Easy, right? Well, even I’m not that crazy; I knew it would be a challenge, but I was determined to do whatever it took to keep the choir from folding.

So that night I sent them an email volunteering to take on the choir. The next morning they answered and said, “Yes.”

I was equally delighted and terrified, but my wife had a more pragmatic thought: “Didn’t they even want to hear you sing?” she asked.

So, I met with the leaders. They liked me, they liked what I did, they tried me out with some live choirs; they were encouraged and they encouraged me. Then I had an intense session with the leader to go over the finer points of the songs. This, too, went well, and we parted looking forward to the upcoming rehearsal.

Then, at 10:30 that evening, I was fired. By text.

Okay, not exactly that dramatic. I got a text telling me to check my e-mail. I was fired in the e-mail.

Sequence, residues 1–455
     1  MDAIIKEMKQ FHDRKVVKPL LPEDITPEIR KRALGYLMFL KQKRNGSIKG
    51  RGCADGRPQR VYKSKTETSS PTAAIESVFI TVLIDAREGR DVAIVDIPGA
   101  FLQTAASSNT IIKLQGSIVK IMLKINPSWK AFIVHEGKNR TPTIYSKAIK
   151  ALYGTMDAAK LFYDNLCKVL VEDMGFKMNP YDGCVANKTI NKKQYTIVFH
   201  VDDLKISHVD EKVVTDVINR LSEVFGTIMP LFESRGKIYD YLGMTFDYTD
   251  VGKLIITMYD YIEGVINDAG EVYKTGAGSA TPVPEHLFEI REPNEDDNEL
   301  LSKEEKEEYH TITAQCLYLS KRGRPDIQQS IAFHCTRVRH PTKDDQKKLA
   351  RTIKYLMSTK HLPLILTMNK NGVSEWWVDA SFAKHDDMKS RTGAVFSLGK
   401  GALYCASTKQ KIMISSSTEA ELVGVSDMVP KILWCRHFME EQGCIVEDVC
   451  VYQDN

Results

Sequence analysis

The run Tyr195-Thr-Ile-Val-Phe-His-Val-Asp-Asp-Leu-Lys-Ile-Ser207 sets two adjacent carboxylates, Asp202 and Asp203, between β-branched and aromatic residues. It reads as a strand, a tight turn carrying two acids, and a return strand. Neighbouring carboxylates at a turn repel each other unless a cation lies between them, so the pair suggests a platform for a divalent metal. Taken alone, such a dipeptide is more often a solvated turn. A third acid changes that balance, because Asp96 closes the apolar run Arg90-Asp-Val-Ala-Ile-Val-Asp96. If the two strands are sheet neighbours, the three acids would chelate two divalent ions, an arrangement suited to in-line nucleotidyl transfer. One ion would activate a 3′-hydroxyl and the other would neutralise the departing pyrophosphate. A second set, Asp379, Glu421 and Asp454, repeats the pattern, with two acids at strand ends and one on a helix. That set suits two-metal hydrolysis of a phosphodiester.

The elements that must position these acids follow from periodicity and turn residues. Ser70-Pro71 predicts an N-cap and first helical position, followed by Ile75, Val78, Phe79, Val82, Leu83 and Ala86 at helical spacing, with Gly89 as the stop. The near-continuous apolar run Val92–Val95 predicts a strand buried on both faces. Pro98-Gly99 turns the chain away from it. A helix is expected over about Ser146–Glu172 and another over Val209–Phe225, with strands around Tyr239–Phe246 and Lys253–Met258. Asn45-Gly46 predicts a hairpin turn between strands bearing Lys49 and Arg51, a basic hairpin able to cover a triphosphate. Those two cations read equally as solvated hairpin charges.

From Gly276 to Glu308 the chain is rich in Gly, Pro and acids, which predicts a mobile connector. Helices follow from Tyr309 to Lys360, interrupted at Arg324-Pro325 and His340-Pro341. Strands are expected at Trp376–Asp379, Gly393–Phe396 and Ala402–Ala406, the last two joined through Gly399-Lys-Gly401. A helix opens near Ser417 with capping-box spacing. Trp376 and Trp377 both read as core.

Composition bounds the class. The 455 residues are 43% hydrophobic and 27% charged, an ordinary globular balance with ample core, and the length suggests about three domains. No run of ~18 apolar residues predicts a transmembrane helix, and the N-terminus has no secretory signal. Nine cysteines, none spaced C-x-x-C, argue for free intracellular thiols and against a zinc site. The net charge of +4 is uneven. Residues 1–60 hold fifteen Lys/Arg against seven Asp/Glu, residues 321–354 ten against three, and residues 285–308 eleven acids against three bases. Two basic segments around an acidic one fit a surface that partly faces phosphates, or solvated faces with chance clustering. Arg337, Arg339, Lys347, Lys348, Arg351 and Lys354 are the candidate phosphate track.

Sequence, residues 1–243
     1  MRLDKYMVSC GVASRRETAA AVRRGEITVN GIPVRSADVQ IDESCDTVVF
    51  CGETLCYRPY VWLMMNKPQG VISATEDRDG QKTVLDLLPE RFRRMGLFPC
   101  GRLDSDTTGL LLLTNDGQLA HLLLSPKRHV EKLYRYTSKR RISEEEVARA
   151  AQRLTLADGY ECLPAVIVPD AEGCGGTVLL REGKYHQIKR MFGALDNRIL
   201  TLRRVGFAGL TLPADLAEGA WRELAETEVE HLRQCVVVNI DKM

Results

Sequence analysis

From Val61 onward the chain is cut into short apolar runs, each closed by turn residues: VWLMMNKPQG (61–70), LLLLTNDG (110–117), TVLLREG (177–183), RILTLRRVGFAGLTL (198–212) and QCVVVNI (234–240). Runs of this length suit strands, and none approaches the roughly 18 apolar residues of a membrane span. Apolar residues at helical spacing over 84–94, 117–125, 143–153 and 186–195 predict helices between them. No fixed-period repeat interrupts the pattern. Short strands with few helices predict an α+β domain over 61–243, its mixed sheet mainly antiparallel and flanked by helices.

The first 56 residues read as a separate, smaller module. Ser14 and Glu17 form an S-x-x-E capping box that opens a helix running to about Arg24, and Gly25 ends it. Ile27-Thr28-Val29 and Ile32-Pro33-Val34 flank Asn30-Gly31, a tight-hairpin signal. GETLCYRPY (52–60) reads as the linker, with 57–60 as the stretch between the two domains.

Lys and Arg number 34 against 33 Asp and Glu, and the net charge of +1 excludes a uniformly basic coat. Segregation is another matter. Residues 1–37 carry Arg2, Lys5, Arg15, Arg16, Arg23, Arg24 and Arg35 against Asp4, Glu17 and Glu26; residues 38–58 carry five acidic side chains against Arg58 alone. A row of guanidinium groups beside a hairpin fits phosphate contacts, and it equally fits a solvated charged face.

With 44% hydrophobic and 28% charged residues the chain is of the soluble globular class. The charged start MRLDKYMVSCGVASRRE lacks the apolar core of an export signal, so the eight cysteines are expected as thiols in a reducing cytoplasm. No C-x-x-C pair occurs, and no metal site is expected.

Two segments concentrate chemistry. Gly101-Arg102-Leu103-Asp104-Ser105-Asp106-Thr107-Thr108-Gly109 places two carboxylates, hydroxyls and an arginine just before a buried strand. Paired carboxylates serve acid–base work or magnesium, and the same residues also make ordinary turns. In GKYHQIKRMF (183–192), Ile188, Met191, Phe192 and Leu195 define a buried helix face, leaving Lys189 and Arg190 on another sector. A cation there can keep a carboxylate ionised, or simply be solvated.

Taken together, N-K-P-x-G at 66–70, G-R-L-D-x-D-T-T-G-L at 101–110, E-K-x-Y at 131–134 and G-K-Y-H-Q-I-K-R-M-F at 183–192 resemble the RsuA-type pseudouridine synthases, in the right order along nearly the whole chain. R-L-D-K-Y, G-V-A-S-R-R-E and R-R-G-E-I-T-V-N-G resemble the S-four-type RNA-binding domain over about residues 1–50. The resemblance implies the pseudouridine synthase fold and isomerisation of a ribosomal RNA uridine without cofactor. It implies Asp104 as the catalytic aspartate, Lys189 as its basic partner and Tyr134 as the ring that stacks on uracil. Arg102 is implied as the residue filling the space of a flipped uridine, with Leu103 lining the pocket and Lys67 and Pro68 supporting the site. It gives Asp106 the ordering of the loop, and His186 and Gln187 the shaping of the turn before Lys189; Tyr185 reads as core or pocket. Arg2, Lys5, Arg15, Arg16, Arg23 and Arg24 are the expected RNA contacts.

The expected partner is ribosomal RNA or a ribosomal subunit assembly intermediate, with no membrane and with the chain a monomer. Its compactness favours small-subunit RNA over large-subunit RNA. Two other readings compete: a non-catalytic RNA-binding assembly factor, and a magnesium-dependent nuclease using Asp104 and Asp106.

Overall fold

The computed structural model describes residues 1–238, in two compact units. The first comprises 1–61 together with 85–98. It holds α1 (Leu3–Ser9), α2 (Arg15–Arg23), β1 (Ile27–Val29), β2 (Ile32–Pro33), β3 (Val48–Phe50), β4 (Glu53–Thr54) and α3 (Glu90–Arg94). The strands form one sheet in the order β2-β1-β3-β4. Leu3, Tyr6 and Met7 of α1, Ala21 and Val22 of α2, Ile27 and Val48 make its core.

This put me in a horrendous position. The choir’s hopes had been dashed, then they had been raised—by me—and now I was going to have to dash them again. It was a prospect I found unacceptable, and so—because I never let lack of qualifications or any relevant experience stand in my way—I decided to run the choir as an independent, community choir instead of a franchise.

This left me less than a week to put an entire choir program together, which is hard enough if you know what you’re doing, which, of course, I did not. Still, I managed to pull something together, and the first rehearsal went about as well as you could expect under the circumstances. But despite the few glitches and hiccups, everyone had fun and the prospects for next week look even better.